In May 2015, the Hague Agreement was implemented in the United States. Two important consequences flowed from the Hague Agreement's implementation. First, all U.S. design patents filed for on or after May 13, 2015 will enjoy a 15-year lifespan beginning from the date of issuance. This is a one-year extension over the previous 14-year lifespan. Second, and more significantly, is that U.S. inventors now have the option of filing an International Design Application (IDA) through the Hague Agreement. An IDA, like a PCT application, streamlines the process to obtain foreign protection for industrial designs.

An IDA can be filed in addition to, or as an alternative to, a traditional U.S. design patent application. The old system of separate, direct filings in foreign countries is still available, and indeed necessary for countries that are not a party to the Hague Agreement. Notable parties to the Hague Agreement include the European Union, South Korea, Japan, and the African Intellectual Property Organization. Countries absent from the Hague Agreement that would still require a direct filing include China, Canada, Australia, Brazil and Argentina.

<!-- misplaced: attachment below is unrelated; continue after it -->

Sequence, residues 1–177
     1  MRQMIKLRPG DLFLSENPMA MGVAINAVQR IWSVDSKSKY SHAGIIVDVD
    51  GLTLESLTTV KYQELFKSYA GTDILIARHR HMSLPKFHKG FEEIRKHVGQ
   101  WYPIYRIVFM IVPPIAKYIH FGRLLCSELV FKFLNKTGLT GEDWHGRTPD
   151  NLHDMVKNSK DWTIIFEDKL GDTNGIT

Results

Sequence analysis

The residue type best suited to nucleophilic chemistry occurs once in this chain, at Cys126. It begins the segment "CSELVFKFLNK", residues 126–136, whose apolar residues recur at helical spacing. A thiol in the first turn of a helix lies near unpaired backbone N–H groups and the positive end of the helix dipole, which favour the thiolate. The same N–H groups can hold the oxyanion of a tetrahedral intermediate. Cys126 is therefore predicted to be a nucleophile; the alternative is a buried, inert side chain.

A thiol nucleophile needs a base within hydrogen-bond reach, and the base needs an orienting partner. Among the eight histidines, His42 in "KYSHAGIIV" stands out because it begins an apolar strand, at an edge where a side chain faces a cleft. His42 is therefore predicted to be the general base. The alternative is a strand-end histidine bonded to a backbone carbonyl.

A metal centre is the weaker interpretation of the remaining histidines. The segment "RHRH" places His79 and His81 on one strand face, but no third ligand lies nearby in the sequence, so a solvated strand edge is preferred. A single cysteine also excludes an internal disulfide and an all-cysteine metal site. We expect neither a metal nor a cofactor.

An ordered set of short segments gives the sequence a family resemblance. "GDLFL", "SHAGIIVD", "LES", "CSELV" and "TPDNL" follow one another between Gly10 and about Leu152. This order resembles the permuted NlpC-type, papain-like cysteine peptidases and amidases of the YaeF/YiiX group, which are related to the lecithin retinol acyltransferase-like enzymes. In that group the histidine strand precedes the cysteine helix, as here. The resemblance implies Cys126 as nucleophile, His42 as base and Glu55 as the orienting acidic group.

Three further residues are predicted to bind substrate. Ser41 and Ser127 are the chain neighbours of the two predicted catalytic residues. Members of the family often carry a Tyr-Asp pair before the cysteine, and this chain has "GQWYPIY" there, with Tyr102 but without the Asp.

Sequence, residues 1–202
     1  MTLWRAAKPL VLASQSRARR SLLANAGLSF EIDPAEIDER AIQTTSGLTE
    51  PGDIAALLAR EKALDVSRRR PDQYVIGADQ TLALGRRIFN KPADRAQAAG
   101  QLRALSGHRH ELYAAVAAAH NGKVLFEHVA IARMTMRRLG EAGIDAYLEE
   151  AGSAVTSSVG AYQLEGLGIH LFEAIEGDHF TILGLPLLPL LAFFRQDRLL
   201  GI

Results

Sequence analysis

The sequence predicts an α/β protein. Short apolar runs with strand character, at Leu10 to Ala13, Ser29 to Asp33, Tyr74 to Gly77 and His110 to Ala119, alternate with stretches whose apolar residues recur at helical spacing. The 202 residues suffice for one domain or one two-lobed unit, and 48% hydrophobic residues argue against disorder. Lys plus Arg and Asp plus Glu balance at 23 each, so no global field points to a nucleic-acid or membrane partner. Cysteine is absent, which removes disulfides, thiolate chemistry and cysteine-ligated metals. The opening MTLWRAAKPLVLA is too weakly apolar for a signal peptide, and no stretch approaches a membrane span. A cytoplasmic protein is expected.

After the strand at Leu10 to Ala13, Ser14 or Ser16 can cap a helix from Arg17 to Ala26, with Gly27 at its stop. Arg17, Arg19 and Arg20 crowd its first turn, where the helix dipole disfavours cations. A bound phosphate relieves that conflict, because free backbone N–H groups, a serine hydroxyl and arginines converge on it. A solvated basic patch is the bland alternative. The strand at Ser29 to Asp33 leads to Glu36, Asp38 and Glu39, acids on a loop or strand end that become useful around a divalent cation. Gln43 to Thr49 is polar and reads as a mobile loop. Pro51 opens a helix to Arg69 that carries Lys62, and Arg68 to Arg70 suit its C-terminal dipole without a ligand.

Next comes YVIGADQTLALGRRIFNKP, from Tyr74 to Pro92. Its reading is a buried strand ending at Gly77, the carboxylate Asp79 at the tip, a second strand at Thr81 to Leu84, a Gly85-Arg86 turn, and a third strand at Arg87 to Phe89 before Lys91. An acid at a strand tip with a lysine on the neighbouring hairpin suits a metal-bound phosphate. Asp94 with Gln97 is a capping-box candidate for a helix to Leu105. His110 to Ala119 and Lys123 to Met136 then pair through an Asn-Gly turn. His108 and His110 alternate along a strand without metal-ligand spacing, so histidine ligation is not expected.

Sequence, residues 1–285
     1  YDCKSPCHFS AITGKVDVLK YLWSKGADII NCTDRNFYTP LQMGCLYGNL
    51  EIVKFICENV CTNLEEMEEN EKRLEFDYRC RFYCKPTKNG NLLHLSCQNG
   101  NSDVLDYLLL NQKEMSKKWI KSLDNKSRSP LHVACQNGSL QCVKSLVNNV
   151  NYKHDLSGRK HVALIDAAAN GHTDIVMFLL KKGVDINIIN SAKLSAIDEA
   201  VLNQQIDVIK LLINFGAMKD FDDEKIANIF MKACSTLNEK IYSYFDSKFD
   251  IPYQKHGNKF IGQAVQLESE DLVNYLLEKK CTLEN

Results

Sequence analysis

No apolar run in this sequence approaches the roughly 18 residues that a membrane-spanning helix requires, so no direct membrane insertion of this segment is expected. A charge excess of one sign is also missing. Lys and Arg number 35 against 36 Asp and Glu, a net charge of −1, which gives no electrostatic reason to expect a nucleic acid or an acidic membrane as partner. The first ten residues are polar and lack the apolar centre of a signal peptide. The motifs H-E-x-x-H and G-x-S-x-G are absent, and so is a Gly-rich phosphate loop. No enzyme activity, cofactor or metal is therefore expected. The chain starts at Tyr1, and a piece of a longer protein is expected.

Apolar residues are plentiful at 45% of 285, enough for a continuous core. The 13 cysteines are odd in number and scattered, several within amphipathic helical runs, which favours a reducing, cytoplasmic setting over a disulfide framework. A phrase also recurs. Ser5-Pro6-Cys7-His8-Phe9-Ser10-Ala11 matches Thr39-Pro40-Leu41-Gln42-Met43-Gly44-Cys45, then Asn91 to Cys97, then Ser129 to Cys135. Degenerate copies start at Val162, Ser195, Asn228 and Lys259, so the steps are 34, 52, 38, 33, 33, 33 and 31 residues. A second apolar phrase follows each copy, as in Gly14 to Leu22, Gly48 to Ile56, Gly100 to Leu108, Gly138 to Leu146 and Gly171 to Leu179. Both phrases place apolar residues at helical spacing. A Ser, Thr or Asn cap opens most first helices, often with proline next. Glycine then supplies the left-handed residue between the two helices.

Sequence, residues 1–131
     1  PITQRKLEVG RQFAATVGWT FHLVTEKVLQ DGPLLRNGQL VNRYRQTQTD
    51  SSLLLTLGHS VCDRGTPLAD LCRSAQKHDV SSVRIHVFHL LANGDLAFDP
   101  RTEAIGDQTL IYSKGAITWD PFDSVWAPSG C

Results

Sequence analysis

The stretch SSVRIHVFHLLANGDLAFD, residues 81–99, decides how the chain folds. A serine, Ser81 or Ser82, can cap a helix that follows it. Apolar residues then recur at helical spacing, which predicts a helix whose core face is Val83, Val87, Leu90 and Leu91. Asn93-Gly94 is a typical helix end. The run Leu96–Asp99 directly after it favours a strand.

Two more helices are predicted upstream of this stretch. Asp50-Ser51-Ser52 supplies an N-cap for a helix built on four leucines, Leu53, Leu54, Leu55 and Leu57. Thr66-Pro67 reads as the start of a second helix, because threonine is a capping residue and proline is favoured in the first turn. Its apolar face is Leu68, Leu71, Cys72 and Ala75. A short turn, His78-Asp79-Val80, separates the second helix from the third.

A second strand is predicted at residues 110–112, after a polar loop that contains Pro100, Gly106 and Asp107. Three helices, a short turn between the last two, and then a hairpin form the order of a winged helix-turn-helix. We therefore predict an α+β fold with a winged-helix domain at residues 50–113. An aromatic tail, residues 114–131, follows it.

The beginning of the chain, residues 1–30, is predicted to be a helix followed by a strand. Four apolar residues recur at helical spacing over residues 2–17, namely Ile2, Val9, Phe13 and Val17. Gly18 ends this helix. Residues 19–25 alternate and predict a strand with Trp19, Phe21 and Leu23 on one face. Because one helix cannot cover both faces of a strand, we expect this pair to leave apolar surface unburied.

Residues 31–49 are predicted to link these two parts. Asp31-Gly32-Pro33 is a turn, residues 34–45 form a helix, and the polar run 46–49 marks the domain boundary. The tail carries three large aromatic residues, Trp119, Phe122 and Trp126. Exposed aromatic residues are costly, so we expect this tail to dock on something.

There are many advantages, and some drawbacks, to filing an IDA as opposed to a traditional U.S. design patent application. A few points to consider include:

Multiple embodiments. An IDA can include up to 100 different versions or embodiments of a design in a single application, so long as they all fall in the same Locarno classification. U.S. design applications only permit one embodiment per application. However, an IDA being examined in the United States will still be restricted to one embodiment per issued design patent, meaning the U.S. Patent and Trademark Office will require you to elect one embodiment and pursue the remaining embodiments in one or more divisional applications. Still, the multiple embodiment option is useful for foreign jurisdictions that permit multiple embodiments per registration, such as the European Union.